Looking for what some of the trends in agriculture will be in 2015? Well, Bo Warren, director of the Georgia Center of Innovation for Agribusiness, has four key ones for you. In this week’s program he talks about them.
Precision agriculture will become more precise
The FAA has been paying close attention to unmanned aircraft systems (UAS) as the technology has matured and new applications have been developed. The result of all that research will be realized in 2015, when the commercial UAS market will blossom. The most likely initial applications will be in agriculture, where UAS have proven benefits and can be applied in the friendliest conditions.
The proliferation of connected devices in agriculture will drive further efficiencies. 2015 will usher in a new age of precision agriculture.
The southern migration of blueberries will be firm as Georgia takes the lead in production
Georgia recently overtook Michigan as the number-one state for blueberry production. Georgia’s lead will be cemented in 2015 thanks to better farming methods, development of seed genetic technologies with research partners such as the University of Georgia, and further R&D focused on seed production that marries with soil in Georgia.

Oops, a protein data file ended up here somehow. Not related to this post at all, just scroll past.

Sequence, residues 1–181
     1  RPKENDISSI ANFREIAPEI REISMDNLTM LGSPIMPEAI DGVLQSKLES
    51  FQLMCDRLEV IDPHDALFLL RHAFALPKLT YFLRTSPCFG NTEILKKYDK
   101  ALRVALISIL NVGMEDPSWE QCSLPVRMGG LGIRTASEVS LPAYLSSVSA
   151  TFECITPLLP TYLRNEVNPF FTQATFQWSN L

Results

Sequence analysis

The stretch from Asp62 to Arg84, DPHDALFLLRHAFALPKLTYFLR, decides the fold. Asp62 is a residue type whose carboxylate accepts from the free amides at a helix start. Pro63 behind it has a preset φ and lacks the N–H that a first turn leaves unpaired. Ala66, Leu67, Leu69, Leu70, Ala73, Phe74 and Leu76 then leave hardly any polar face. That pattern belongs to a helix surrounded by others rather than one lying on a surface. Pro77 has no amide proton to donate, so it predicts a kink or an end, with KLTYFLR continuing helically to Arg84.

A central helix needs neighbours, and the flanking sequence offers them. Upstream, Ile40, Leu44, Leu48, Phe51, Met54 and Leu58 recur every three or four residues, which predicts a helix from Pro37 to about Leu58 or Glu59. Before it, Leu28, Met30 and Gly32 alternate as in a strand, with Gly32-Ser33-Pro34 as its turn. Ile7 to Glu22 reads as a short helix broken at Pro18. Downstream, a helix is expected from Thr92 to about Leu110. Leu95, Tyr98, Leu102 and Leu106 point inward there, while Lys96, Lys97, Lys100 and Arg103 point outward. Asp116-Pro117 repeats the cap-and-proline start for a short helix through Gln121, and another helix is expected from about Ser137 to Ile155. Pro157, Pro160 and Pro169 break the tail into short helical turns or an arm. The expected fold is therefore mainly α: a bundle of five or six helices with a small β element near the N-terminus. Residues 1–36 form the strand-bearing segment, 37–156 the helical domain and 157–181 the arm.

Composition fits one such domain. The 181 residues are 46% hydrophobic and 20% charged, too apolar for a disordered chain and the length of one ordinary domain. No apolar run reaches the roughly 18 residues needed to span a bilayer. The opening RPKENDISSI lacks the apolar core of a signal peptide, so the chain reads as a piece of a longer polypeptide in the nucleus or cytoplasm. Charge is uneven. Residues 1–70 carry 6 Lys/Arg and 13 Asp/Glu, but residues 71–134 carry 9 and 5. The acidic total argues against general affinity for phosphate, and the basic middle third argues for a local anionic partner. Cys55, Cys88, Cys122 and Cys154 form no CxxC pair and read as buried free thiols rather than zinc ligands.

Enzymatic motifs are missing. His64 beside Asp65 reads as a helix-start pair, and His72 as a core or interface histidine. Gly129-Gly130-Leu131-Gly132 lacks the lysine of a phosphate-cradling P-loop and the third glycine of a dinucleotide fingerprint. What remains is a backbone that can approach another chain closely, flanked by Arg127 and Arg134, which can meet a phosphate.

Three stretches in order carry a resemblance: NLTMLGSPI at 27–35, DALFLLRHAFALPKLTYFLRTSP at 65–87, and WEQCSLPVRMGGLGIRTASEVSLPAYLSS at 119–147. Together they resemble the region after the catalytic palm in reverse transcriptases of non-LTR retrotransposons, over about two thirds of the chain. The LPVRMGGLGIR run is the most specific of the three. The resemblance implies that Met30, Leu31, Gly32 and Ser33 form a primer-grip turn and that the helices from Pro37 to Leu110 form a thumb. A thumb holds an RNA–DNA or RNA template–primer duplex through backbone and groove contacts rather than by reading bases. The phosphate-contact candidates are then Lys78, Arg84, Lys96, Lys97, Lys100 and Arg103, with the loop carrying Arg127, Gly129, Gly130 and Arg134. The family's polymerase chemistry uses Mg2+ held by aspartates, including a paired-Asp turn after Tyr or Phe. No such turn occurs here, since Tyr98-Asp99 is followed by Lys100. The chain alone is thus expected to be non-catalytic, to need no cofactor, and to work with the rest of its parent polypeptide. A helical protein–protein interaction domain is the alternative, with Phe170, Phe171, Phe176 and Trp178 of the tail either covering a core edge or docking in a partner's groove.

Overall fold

Other technologies – specifically UAV applications focused on the blueberry industry – will help to increase production.
Big data will coincide with agriculture in ways never before seen
In 2015, we will begin to see all available information at the farm level – such as soil quality and water utilization – merge with information about specific crops and seeds to maximize yield and production. This will result in far fewer resources being used.
Gone will be the days of identifying a single type of seed for an entire farm. For example, new technologies will allow a cotton producer with 1,000 acres of land to analyze his entire field and break it down by specific acre. This kind of hyper-specific land analysis will be enabled by big data and will significantly maximize production levels.
Water utilization will become critically more important
60 percent of fresh water in the United States is used for agriculture. In certain parts of the country, water tables have been depleted to alarming levels. In 2015 we will see a proliferation of technologies that maximize the efficiency of the water farmers use and minimize waste.
Water utilization sensors that are currently being developed will be married with smart farms and connected technologies and apps that give farmers a clear picture of their watering needs. Apps will combine external weather information with sensor-driven, farm-specific information to paint a real-time data picture around a farm’s soil moisture, and provide recommendations to reduce water usage while maximizing crop yields.
Listen in to my conversation with Bo to hear his outlook for 2015 for the ag industry: Agribusiness Trends and Predictions